Home » Decriminalising Consensual Same-sex Sexual Relations: Amendments Versus Repeal

Decriminalising Consensual Same-sex Sexual Relations: Amendments Versus Repeal

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Photo courtesy of Lanka News Web

In a major development in the human rights arena, SLPP parliamentarian and lawyer Premanath C. Dolawatte handed over a private member’s bill to President Ranil Wickremesinghe seeking to amend laws that marginalise the Lesbian, Gay, Bisexual, Transgender, Intersex and Queer/Questioning (LGBTIQ) community in Sri Lanka. It was handed over to President Wickremesinghe on August 24 but is yet to be debated in parliament.

Currently, statistics by Human Dignity Trust (HDT) show that Sri Lanka is one of 70 countries that criminalises private, consensual, same-sex sexual activity. Due to the country’s colonial past, same sex sexual relations between consenting adults are criminalised by Sections 365 and 365A of the Penal Code, which states that “carnal intercourse against the order of nature” (in other words, any type of sex that is considered unnatural, widely understood to apply to sexual acts between same-sex individuals) and “acts of gross indecency” are criminal offences punishable by law, carrying a sentence of up to 10 years. In 1995, human rights activists attempted to repeal the Penal Code but instead of decriminalising same-sex sexual relations between consenting adults, the amendment substituted the word males in the original legal text with the gender neutral term people, thereby criminalising same-sex sexual acts between women as well.

Mr. Dolawatte’s bill seeks to amend the Sections 365 and 365A as follows:

“In Article 365 of the Principal Statute, the said Article is hereby amended by deleting the words “any man, woman or.”

“In section 365A of the Principal Statute, after the words “publicly or privately or with another person,” insert “under any of the following descriptions, namely:

without the consent of the other person, With or without the consent of the other person when that person is under 16 years of age: With the consent of the other person while on such other person was in lawful of unlawful detention or where that consent has been obtained, by use of force, or intimidation, or threat of detention or by putting such other person in fear of death or hurt; With the consent of the other person where such consent has been obtained at a time the other person was of unsound mind or was in a state of intoxication induced by alcohol or drugs.”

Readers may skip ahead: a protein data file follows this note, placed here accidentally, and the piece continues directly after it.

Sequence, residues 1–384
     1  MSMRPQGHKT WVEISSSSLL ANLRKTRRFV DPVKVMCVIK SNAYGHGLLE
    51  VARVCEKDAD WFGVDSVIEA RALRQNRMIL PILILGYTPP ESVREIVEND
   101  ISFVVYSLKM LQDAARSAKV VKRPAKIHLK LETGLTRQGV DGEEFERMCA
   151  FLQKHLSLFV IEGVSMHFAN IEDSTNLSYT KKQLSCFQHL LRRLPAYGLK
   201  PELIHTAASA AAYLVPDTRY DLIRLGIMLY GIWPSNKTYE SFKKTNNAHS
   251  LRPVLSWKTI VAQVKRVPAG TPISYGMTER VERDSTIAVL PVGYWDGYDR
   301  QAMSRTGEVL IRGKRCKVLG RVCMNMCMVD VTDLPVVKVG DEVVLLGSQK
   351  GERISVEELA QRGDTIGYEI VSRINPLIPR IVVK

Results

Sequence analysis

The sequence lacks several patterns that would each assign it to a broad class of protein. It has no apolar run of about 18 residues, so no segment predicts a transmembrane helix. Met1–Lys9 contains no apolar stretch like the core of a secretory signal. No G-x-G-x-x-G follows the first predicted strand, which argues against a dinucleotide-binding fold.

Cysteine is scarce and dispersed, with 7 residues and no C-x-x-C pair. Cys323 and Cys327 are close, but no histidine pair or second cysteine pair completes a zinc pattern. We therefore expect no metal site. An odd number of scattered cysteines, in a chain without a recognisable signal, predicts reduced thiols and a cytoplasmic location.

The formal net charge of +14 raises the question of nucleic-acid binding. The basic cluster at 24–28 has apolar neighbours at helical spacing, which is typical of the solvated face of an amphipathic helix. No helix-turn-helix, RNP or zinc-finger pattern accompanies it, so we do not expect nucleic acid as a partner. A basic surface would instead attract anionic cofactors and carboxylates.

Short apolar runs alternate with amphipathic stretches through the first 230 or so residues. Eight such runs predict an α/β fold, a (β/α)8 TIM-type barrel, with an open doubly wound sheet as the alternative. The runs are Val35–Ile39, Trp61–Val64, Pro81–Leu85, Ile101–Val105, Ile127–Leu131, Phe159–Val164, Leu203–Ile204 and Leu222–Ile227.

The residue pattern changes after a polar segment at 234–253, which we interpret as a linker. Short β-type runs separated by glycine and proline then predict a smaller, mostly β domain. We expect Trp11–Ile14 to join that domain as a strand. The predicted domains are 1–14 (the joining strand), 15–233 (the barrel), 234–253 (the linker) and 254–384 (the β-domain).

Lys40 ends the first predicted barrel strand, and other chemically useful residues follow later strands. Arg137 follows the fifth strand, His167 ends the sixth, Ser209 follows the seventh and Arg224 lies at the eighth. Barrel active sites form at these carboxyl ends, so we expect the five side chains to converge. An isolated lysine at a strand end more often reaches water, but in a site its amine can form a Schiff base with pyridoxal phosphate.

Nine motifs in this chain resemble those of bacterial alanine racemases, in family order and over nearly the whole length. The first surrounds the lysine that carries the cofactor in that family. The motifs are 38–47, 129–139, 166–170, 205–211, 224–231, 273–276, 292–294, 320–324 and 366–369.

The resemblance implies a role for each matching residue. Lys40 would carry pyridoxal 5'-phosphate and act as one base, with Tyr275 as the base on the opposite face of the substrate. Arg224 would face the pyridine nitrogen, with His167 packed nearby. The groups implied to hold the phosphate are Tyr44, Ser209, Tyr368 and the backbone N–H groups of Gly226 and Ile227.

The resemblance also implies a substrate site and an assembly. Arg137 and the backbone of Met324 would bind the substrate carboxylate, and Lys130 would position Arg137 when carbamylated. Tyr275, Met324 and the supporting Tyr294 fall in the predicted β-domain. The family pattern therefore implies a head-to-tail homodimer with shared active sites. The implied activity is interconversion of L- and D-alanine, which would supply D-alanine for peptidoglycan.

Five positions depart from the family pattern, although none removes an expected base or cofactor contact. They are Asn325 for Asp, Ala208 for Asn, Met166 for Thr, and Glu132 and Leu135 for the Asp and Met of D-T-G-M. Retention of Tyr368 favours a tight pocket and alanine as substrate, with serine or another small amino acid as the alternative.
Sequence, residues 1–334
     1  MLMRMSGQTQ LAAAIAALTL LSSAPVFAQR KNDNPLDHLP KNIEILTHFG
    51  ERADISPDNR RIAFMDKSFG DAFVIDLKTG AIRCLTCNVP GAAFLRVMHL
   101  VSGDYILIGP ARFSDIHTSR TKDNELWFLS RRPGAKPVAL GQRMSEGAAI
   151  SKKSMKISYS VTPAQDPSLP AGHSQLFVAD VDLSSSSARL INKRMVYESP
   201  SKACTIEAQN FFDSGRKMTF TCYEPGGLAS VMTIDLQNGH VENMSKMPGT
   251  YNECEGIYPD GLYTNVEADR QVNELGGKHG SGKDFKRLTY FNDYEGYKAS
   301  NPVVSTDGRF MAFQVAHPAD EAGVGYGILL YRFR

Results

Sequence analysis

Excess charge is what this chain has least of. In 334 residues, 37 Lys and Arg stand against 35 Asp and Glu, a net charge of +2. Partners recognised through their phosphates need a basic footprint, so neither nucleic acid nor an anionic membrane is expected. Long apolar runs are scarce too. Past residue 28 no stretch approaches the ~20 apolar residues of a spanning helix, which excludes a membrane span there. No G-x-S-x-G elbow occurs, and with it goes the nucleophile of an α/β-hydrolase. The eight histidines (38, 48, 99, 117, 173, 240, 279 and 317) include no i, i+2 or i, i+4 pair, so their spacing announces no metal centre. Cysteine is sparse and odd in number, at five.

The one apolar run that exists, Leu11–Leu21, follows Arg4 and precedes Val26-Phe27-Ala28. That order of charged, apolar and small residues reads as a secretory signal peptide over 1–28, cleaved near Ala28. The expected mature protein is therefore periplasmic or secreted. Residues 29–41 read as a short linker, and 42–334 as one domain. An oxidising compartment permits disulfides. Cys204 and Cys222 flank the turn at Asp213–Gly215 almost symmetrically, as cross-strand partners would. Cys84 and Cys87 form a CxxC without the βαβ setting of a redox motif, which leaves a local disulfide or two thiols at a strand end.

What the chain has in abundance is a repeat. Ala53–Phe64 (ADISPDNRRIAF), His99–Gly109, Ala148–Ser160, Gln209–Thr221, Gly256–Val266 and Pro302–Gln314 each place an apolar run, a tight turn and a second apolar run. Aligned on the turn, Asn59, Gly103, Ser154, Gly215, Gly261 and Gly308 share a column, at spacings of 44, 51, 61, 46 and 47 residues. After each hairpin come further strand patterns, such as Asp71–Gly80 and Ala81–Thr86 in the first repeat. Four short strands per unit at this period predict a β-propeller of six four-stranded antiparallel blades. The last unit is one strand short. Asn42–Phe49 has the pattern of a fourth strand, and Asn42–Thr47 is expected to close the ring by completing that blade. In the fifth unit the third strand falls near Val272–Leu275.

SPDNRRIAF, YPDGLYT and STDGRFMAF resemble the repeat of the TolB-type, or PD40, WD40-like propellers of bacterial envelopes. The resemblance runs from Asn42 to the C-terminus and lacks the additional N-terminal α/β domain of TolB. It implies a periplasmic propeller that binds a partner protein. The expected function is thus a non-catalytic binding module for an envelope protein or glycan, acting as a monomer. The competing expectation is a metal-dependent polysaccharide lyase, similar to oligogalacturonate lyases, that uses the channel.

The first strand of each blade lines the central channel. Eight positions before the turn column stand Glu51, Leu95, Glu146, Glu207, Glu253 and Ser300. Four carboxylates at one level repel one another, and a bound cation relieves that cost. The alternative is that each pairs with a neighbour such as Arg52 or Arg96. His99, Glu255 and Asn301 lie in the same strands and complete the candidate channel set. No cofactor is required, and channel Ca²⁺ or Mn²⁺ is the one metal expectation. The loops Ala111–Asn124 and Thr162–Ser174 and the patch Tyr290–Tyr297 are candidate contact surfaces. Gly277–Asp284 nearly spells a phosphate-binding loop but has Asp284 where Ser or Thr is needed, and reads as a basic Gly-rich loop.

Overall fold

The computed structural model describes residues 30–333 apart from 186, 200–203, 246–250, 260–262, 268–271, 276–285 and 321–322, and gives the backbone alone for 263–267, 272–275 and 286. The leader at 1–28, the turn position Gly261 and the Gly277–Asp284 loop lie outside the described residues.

“The intent of the legislature in enacting this legislation must be considered as amending the provisions that makes sexual orientation a punishable offence.”

The President’s Media Division (PMD), issuing a statement on the bill, said, “The society of this country has an extremely backward notion regarding the LGBTQ+ community and as a result, not only in daily life, but even in government and law enforcement agencies, this community has been subjected to various forms of violence, oppression and harassment.”

It added that, “Punishment of individuals based on sexual orientation and sexual identification was spread throughout the world by colonial legal systems in the Victorian era. But in modern psychiatry, this is not considered a crime or a perversion. Also, developed countries have worked to amend the laws that penalise this community and limit their rights.”

Reactions to the bill

The response to the news on the bill was mixed. While some LGBTIQ individuals and activists hailed the proposed amendments as a progressive and positive move, others were more skeptical.